All About the HeartAll About the HeartAll About the HeartAEnglishhttps://assets.aboutkidshealth.ca/AKHAssets/J4K_all_about_the_heart_promo.pngKids ContentKids<p>Learn about the heart<br></p><figure class="swf-asset-c-80"> <div class="akh-video">src="https://www.youtube.com/embed/-s5iCoCaofc?rel=0"</div></figure><br><br>All about the heart February is Heart Month! Use this video to help your child learn how their heart transports blood around the body.Kidsall-about-the-heart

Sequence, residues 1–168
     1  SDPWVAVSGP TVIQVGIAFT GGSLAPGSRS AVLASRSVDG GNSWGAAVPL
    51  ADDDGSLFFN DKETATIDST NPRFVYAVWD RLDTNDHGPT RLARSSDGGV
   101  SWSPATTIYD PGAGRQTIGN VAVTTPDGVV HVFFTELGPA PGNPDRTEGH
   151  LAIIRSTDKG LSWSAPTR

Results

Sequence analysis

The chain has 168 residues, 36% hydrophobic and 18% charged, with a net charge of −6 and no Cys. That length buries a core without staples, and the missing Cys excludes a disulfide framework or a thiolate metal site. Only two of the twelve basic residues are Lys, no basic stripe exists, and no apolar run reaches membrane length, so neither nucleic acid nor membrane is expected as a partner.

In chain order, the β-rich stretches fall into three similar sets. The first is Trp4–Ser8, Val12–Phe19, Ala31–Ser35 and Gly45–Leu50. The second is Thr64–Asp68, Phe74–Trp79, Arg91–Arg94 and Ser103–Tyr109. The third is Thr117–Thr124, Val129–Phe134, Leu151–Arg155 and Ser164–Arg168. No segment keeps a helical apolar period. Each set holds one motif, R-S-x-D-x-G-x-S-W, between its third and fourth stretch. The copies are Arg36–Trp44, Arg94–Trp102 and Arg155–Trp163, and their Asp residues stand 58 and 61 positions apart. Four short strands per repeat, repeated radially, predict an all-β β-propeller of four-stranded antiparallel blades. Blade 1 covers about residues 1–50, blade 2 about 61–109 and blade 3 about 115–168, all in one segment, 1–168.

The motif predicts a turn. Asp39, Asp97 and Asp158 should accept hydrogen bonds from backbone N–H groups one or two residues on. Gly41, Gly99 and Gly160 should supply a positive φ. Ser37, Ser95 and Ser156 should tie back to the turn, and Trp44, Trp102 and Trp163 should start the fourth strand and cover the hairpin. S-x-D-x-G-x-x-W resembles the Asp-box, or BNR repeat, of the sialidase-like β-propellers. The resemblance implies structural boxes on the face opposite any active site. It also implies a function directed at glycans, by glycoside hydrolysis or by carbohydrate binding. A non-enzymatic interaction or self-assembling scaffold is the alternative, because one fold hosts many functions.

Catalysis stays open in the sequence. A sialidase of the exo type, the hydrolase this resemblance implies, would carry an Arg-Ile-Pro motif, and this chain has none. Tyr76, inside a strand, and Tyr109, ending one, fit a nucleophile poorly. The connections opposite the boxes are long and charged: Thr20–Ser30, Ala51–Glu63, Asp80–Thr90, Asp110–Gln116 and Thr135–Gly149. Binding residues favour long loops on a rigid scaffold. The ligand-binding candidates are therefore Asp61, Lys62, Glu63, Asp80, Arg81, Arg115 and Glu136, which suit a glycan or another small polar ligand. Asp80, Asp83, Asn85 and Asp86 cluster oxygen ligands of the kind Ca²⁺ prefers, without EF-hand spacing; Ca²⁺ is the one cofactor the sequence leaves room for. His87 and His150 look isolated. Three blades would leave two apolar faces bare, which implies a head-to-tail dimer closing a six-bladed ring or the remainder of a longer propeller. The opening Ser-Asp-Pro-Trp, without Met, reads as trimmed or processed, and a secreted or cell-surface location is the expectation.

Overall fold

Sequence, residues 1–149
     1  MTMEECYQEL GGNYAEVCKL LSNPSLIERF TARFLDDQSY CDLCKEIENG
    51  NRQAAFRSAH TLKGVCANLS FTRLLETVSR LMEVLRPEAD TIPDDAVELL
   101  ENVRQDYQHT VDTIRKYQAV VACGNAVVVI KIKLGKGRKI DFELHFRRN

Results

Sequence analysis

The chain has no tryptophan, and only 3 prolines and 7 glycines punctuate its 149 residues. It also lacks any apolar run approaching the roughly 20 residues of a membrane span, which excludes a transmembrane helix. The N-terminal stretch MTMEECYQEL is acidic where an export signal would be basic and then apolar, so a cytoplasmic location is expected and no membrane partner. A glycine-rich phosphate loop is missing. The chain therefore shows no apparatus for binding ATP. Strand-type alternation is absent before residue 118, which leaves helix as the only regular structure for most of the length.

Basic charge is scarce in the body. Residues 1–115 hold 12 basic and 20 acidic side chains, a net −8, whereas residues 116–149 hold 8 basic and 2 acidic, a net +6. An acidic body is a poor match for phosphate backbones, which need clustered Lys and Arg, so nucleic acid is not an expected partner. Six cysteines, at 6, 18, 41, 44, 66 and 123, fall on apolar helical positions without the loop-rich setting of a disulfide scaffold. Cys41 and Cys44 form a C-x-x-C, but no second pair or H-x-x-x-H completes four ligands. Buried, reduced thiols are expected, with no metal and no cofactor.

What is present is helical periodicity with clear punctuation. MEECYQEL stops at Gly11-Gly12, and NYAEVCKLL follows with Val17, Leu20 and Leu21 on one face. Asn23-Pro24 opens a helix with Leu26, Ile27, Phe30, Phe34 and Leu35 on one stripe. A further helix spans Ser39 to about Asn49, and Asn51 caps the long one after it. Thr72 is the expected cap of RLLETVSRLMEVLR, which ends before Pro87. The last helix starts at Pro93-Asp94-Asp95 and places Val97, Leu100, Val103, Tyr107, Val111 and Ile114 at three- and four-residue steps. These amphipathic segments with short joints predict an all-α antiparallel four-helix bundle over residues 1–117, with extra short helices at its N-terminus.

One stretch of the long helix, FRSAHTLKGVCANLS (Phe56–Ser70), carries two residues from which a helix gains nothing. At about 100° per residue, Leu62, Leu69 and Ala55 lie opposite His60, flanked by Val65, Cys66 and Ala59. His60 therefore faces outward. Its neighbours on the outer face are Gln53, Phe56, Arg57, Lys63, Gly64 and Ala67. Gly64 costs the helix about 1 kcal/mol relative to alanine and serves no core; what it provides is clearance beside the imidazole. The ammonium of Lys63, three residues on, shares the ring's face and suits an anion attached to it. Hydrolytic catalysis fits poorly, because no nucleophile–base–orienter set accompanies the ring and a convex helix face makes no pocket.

Mental healthMental healthMental healthMEnglishPsychiatryChild (0-12 years);Teen (13-18 years)NANANACaregivers Adult (19+)NALanding PageLearning Hub<p>Learn how to support your child’s wellbeing with activity, sleep and nutrition; and how to recognize and manage various mental health conditions.</p><p>This hub includes resources for parents on how to support your child's mental health and general wellbeing through physical activity, sleep and nutrition. It also provides information on the signs, symptoms and treatments of different mental health conditions, including anxiety, bipolar disorder, depression, behavioural disorders, anorexia nervosa and attention deficit hyperactivity disorder.<br></p><div class="panel panel-primary"><div class="panel-heading clickable"> <span class="pull-right panel-heading-collapsable-icon"> <i class="mdi mdi-chevron-down"></i></span><h2 class="panel-title">Wellbeing</h2></div><div class="panel-body list-group" style="display:none;"><p>The everyday pressures of growing up can put a strain on any child's mental wellbeing. Find out how physical activity, a healthy sleep routine, screen time limits and balanced nutrition can boost your child's mental health and support them through difficult times.</p></div><ol class="list-group" style="display:none;"><li><div class="panel-heading clickable"> <span class="pull-right panel-heading-collapsable-icon"> <i class="mdi mdi-chevron-down"></i></span><h3>Physical activity</h3></div><ol class="list-group" style="display:none;"><li class="list-group-item"><a class="overview-links" href="/Article?contentid=642&language=English">Physical activity: Guidelines for children and teens</a></li><li class="list-group-item"><a class="overview-links" href="/Article?contentid=641&language=English">Physical activity: Benefits of exercise for health and wellbeing</a></li></ol></li><li><div class="panel-heading clickable"> <span class="pull-right panel-heading-collapsable-icon"> <i class="mdi mdi-chevron-down"></i></span><h3>Sleep</h3></div><ol class="list-group" style="display:none;"><li class="list-group-item"><a class="overview-links" href="/Article?contentid=645&language=English">Sleep: Benefits and recommended amounts</a></li><li class="list-group-item"><a class="overview-links" href="/Article?contentid=646&language=English">How to help your child get a good night's sleep</a></li><li class="list-group-item"><a class="overview-links" href="/Article?contentid=647&language=English">How to help your teen get a good night's sleep</a></li></ol></li><li><div class="panel-heading clickable"> <span class="pull-right panel-heading-collapsable-icon"> <i class="mdi mdi-chevron-down"></i></span><h3>Screen time</h3></div><ol class="list-group" style="display:none;"><li class="list-group-item"><a class="overview-links" href="/Article?contentid=643&language=English">Screen time: Overview</a></li><li class="list-group-item"><a class="overview-links" href="/Article?contentid=644&language=English">How to help your child set healthy screen time limits</a></li></ol></li><li><div class="panel-heading clickable"> <span class="pull-right panel-heading-collapsable-icon"> <i class="mdi mdi-chevron-down"></i></span><h3>Nutrition</h3></div><ol class="list-group" style="display:none;"><li class="list-group-item"><a class="overview-links" href="/Article?contentid=639&language=English">Nutrition: How a balanced diet and healthy eating habits can help your child's mental health</a></li></ol></li></ol></div><div class="panel panel-primary"><div class="panel-heading clickable"> <span class="pull-right panel-heading-collapsable-icon"> <i class="mdi mdi-chevron-down"></i></span><h2 class="panel-title">Anxiety disorders</h2></div><div class="panel-body list-group" style="display:none;"><p>Every child feels anxiety at some point as a natural part of growing up. An anxiety disorder, however, is when anxious feelings interfere with a child's everyday routine. Learn more about the signs, symptoms and range of anxiety disorders and how they ​are treated.</p></div><ol class="list-group" style="display:none;"><li class="list-group-item"><a class="overview-links" href="/Article?contentid=18&language=English">Anxiety: Overview</a></li><li class="list-group-item"><a class="overview-links" href="/Article?contentid=271&language=English">Anxiety: Signs and symptoms</a></li><li class="list-group-item"><a class="overview-links" href="/Article?contentid=270&language=English">Types of anxiety disorders</a></li><li class="list-group-item"><a class="overview-links" href="/Article?contentid=701&language=English">Anxiety: Treatment with medications</a></li><li class="list-group-item"><a class="overview-links" href="/Article?contentid=702&language=English">Anxiety: Psychotherapy and lifestyle changes</a></li></ol></div><div class="panel panel-primary"><div class="panel-heading clickable"> <span class="pull-right panel-heading-collapsable-icon"> <i class="mdi mdi-chevron-down"></i></span><h2 class="panel-title">Obsessive compulsive disorder</h2></div><div class="panel-body list-group" style="display:none;"><p>Obsessive compulsive disorder (OCD) occurs when a person suffers from troubling and intrusive thoughts and/or follows repetitive or strict routines to feel less worried. Learn about the causes, signs and impact of this disorder and how you can help your child.</p></div><ol class="list-group" style="display:none;"><li class="list-group-item"><a class="overview-links" href="/Article?contentid=285&language=English">Obsessive compulsive disorder: Overview</a></li><li class="list-group-item"><a class="overview-links" href="/Article?contentid=288&language=English">OCD: Signs and symptoms</a></li><li class="list-group-item"><a class="overview-links" href="/Article?contentid=286&language=English">How OCD affects your child's life</a></li><li class="list-group-item"><a class="overview-links" href="/Article?contentid=709&language=English">OCD: Psychotherapy and medications</a></li><li class="list-group-item"><a class="overview-links" href="/Article?contentid=287&language=English">OCD: How to help your child at home</a></li></ol></div><div class="panel panel-primary"><div class="panel-heading clickable"> <span class="pull-right panel-heading-collapsable-icon"> <i class="mdi mdi-chevron-down"></i></span><h2 class="panel-title">Depression</h2></div><div class="panel-body list-group" style="display:none;"><p>Depression is an illness that causes someone to feel deep sadness or a lack of interest in activities that they once enjoyed. Discover how this condition affects a child's mood, sleep, concentration and energy levels, and how it can be treated.</p></div><ol class="list-group" style="display:none;"><li class="list-group-item"><a class="overview-links" href="/Article?contentid=19&language=English">Depression: Overview</a></li><li class="list-group-item"><a class="overview-links" href="/Article?contentid=284&language=English">Depression: Signs and symptoms</a></li><li class="list-group-item"><a class="overview-links" href="/Article?contentid=707&language=English">Depression: Treatment with medications</a></li><li class="list-group-item"><a class="overview-links" href="/Article?contentid=708&language=English">Depression: Psychotherapy and lifestyle changes</a></li></ol></div><div class="panel panel-primary"><div class="panel-heading clickable"> <span class="pull-right panel-heading-collapsable-icon"> <i class="mdi mdi-chevron-down"></i></span><h2 class="panel-title">Bipolar disorder</h2></div><div class="panel-body list-group" style="display:none;"><p>When a person has bipolar disorder, they alternate between low and elevated moods for days, weeks or months at a time. Learn about the bipolar disorder spectrum, the symptoms of manic and depressive episodes and how medications, therapy and lifestyle changes can help.</p></div><ol class="list-group" style="display:none;"><li class="list-group-item"><a class="overview-links" href="/Article?contentid=279&language=English">Bipolar disorder: Overview</a></li><li class="list-group-item"><a class="overview-links" href="/Article?contentid=280&language=English">Bipolar disorder: Signs and symptoms</a></li><li class="list-group-item"><a class="overview-links" href="/Article?contentid=704&language=English">Bipolar disorder: Treatment with medications</a></li><li class="list-group-item"><a class="overview-links" href="/Article?contentid=705&language=English">Bipolar disorder: Psychotherapy and lifestyle changes</a></li></ol></div><div class="panel panel-primary"><div class="panel-heading clickable"> <span class="pull-right panel-heading-collapsable-icon"> <i class="mdi mdi-chevron-down"></i></span><h2 class="panel-title">Suicide and self-harm</h2></div><div class="panel-body list-group" style="display:none;"><p>A child who experiences thoughts of suicide or self-harm is often suffering from overwhelming emotional pain. Find out how to help your child cope with difficult emotions, how to support and protect your child and where to find professional help.</p></div><ol class="list-group" style="display:none;"><li class="list-group-item"><a class="overview-links" href="/Article?contentid=291&language=English">Suicide in children and teens: Overview</a></li><li class="list-group-item"><a class="overview-links" href="/Article?contentid=289&language=English">Self-harm in children and teens: Overview</a></li><li class="list-group-item"><a class="overview-links" href="/Article?contentid=290&language=English">Signs and symptoms of suicide risk</a></li><li class="list-group-item"><a class="overview-links" href="/Article?contentid=293&language=English">How to help your child with difficult emotions</a></li><li class="list-group-item"><a class="overview-links" href="/Article?contentid=292&language=English">How to protect your child from harm</a></li></ol></div><div class="panel panel-primary"><div class="panel-heading clickable"> <span class="pull-right panel-heading-collapsable-icon"> <i class="mdi mdi-chevron-down"></i></span><h2 class="panel-title">Eating disorders</h2></div><div class="panel-body list-group" style="display:none;"><p>An eating disorder not only risks your child's health but can also disrupt family life. Find out about the symptoms and treatment of anorexia, bulimia, avoidant/restrictive food intake disorder and binge eating disorder and how you can help your child recover.</p></div><ol class="list-group" style="display:none;"><li><div class="panel-heading clickable"> <span class="pull-right panel-heading-collapsable-icon"> <i class="mdi mdi-chevron-down"></i></span><h3>Anorexia nervosa</h3></div><ol class="list-group" style="display:none;"><li class="list-group-item"><a class="overview-links" href="/Article?contentid=268&language=English">Anorexia nervosa: Overview</a></li><li class="list-group-item"><a class="overview-links" href="/Article?contentid=269&language=English">Anorexia: Signs and symptoms</a></li><li class="list-group-item"><a class="overview-links" href="/Article?contentid=267&language=English">Anorexia: Medical complications</a></li><li class="list-group-item"><a class="overview-links" href="/Article?contentid=700&language=English">Anorexia: Treatment options</a></li><li class="list-group-item"><a class="overview-links" href="/Article?contentid=266&language=English">Anorexia: How to help your child at home</a></li></ol></li><li><div class="panel-heading clickable"> <span class="pull-right panel-heading-collapsable-icon"> <i class="mdi mdi-chevron-down"></i></span><h3>Bulimia nervosa</h3></div><ol class="list-group" style="display:none;"><li class="list-group-item"><a class="overview-links" href="/Article?contentid=282&language=English">Bulimia nervosa: Overview</a></li><li class="list-group-item"><a class="overview-links" href="/Article?contentid=283&language=English">Bulimia: Signs and symptoms</a></li><li class="list-group-item"><a class="overview-links" href="/Article?contentid=281&language=English">Bulimia: Medical complications</a></li><li class="list-group-item"><a class="overview-links" href="/Article?contentid=706&language=English">Bulimia: Treatment options</a></li><li class="list-group-item"><a class="overview-links" href="/Article?contentid=294&language=English">Bulimia: How to help your child at home</a></li></ol></li><li><div class="panel-heading clickable"> <span class="pull-right panel-heading-collapsable-icon"> <i class="mdi mdi-chevron-down"></i></span><h3>Avoidant/restrictive food intake disorder (ARFID)</h3></div><ol class="list-group" style="display:none;"><li class="list-group-item"><a class="overview-links" href="/Article?contentid=274&language=English">Avoidant/restrictive food intake disorder: Overview</a></li><li class="list-group-item"><a class="overview-links" href="/Article?contentid=275&language=English">ARFID: Signs and symptoms</a></li><li class="list-group-item"><a class="overview-links" href="/Article?contentid=273&language=English">ARFID: Medical complications</a></li><li class="list-group-item"><a class="overview-links" href="/Article?contentid=703&language=English">ARFID: Treatment options</a></li><li class="list-group-item"><a class="overview-links" href="/Article?contentid=272&language=English">ARFID: How to help your child at home</a></li></ol></li><li><div class="panel-heading clickable"> <span class="pull-right panel-heading-collapsable-icon"> <i class="mdi mdi-chevron-down"></i></span><h3>Binge eating disorder (BED)</h3></div><ol class="list-group" style="display:none;"><li class="list-group-item"><a class="overview-links" href="/Article?contentid=277&language=English">Binge eating disorder: Overview</a></li><li class="list-group-item"><a class="overview-links" href="/Article?contentid=278&language=English">BED: Signs and symptoms</a></li><li class="list-group-item"><a class="overview-links" href="/Article?contentid=640&language=English">Obesity: Medical complications</a></li><li class="list-group-item"><a class="overview-links" href="/Article?contentid=276&language=English">BED: How to help your child at home</a></li></ol></li></ol></div><div class="panel panel-primary"><div class="panel-heading clickable"> <span class="pull-right panel-heading-collapsable-icon"> <i class="mdi mdi-chevron-down"></i></span><h2 class="panel-title">Attention deficit hyperactivity disorder (ADHD)</h2></div><div class="panel-body list-group" style="display:none;"><p>Attention deficit hyperactivity disorder (ADHD) involves difficulties with controlling attention and regulating behaviour. Discover the main symptoms of ADHD in children and teens, how the disorder is diagnosed and how to help your child at home and at school.</p></div><ol class="list-group" style="display:none;"><li class="list-group-item"><a class="overview-links" href="/Article?contentid=1922&language=English">Attention deficit hyperactivity disorder: Overview</a></li><li class="list-group-item"><a class="overview-links" href="/Article?contentid=1923&language=English">ADHD: Signs and symptoms</a></li><li class="list-group-item"><a class="overview-links" href="/Article?contentid=1997&language=English">ADHD: How to help your child at home</a></li><li class="list-group-item"><a class="overview-links" href="/Article?contentid=1999&language=English">ADHD: Communicating with your child's school</a></li><li class="list-group-item"><a class="overview-links" href="/Article?contentid=1998&language=English">ADHD: Treatment with medications</a></li></ol></div><div class="panel panel-primary"><div class="panel-heading clickable"> <span class="pull-right panel-heading-collapsable-icon"> <i class="mdi mdi-chevron-down"></i></span><h2 class="panel-title">Behavioural disorders</h2></div><div class="panel-body list-group" style="display:none;"><p>Behavioural disorders include oppositional defiant disorder and conduct disorder. Learn how these disorders differ from typical misbehaviour, how therapy and medications can help and how you can manage problematic behaviour at home.</p></div><ol class="list-group" style="display:none;"><li class="list-group-item"><a class="overview-links" href="/Article?contentid=1924&language=English">Behavioural disorders: Overview</a></li><li class="list-group-item"><a class="overview-links" href="/Article?contentid=1925&language=English">Behavioural disorders: Signs and symptoms</a></li><li class="list-group-item"><a class="overview-links" href="/Article?contentid=2000&language=English">Behavioural disorders: Treatment with psychotherapy and medications</a></li><li class="list-group-item"><a class="overview-links" href="/Article?contentid=2001&language=English">Behavioural disorders: How to help your child at home</a></li></ol></div><div class="panel panel-primary"><div class="panel-heading clickable"> <span class="pull-right panel-heading-collapsable-icon"> <i class="mdi mdi-chevron-down"></i></span><h2 class="panel-title">Post-traumatic stress disorder (PTSD)</h2></div><div class="panel-body list-group" style="display:none;"><p>Post-traumatic stress disorder (PTSD) is triggered by experiencing or witnessing a terrifying event. Learn about the main symptoms of PTSD, how the condition is diagnosed and how psychotherapy and medications can help your child.</p></div><ol class="list-group" style="display:none;"><li class="list-group-item"><a class="overview-links" href="/Article?contentid=1927&language=English">Post-traumatic stress disorder: Overview</a></li><li class="list-group-item"><a class="overview-links" href="/Article?contentid=1928&language=English">PTSD: Signs and symptoms</a></li><li class="list-group-item"><a class="overview-links" href="/Article?contentid=2005&language=English">PTSD: Treatment with psychotherapy and medications</a></li></ol></div><div class="panel panel-primary"><div class="panel-heading clickable"> <span class="pull-right panel-heading-collapsable-icon"> <i class="mdi mdi-chevron-down"></i></span><h2 class="panel-title">Brain disorders and mental health</h2></div><div class="panel-body list-group" style="display:none;"><p>A brain disorder includes a condition, illness or injury that affects the brain and how it develops before or after birth. Find out how a brain disorder can affect your child's learning, mood and social skills, how its impact on mental health is assessed and how to help your child cope.</p></div><ol class="list-group" style="display:none;"><li class="list-group-item"><a class="overview-links" href="/Article?contentid=1926&language=English">Brain disorders and mental health: Overview</a></li><li class="list-group-item"><a class="overview-links" href="/Article?contentid=2002&language=English">Brain disorders: Assessing your child for neuropsychological difficulties</a></li><li class="list-group-item"><a class="overview-links" href="/Article?contentid=2003&language=English">Brain disorders: How to help your child cope</a></li><li class="list-group-item"><a class="overview-links" href="/Article?contentid=2004&language=English">Brain disorders: Common treatments</a></li></ol></div><div class="panel panel-primary"><div class="panel-heading clickable"> <span class="pull-right panel-heading-collapsable-icon"> <i class="mdi mdi-chevron-down"></i></span><h2 class="panel-title">Parenting a child with a chronic condition</h2></div><div class="panel-body list-group" style="display:none;"><p>A chronic conditions can affect a child's mental health and everyday routines. Discover how parents and caregivers can help manage both their child's health care and routines, and support their own mental health.</p></div><ol class="list-group" style="display:none;"><li class="list-group-item"><a class="overview-links" href="/Article?contentid=3400&language=English">Living with a chronic condition: Overview</a></li><li class="list-group-item"><a class="overview-links" href="/Article?contentid=3401&language=English">Living with a chronic condition: Helping your child manage their health</a></li><li class="list-group-item"><a class="overview-links" href="/Article?contentid=3402&language=English">Living with a chronic condition: Maintaining your child's everyday routines</a></li><li class="list-group-item"><a class="overview-links" href="/Article?contentid=3403&language=English">Living with a chronic condition: Supporting yourself as a caregiver</a></li></ol></div><div class="panel panel-primary"><div class="panel-heading clickable"> <span class="pull-right panel-heading-collapsable-icon"> <i class="mdi mdi-chevron-down"></i></span><h2 class="panel-title">Substance use disorder</h2></div><div class="panel-body list-group" style="display:none;"><p>Substance use is the use of alcohol, tobacco and other drugs for pleasure or enjoyment. Learn about the signs and symptoms of substance use and how you can help your teen if you suspect they have a substance use disorder.</p></div><ol class="list-group" style="display:none;"><li class="list-group-item"><a class="overview-links" href="/Article?contentid=3663&language=English">Substance use disorder: Overview</a></li><li class="list-group-item"><a class="overview-links" href="/Article?contentid=3664&language=English">Substance use disorder: Signs and symptoms</a></li><li class="list-group-item"><a class="overview-links" href="/Article?contentid=3665&language=English">Substance use disorder: How to help your teen at home</a></li></ol></div><div class="panel panel-primary"><div class="panel-heading clickable"> <span class="pull-right panel-heading-collapsable-icon"> <i class="mdi mdi-chevron-down"></i></span><h2 class="panel-title">Understanding somatization</h2></div><div class="panel-body list-group" style="display:none;"><p>Somatization involves expressing distress through physical symptoms. Find out about the mind-body connection, signs of somatization and the various ways to support your child or teen.</p></div><ol class="list-group" style="display:none;"><li class="list-group-item"><a class="overview-links" href="/Article?contentid=3667&language=English">Mind-body connection</a></li><li class="list-group-item"><a class="overview-links" href="/Article?contentid=3668&language=English">Somatization: Signs and symptoms</a></li><li class="list-group-item"><a class="overview-links" href="/Article?contentid=3669&language=English">Somatization: Common treatments</a></li><li class="list-group-item"><a class="overview-links" href="/Article?contentid=3770&language=English">Somatization: How to help your child or teen cope</a></li></ol></div>https://assets.aboutkidshealth.ca/AKHAssets/Mental_health_landing-page.jpgmentalhealthhealthylivingMain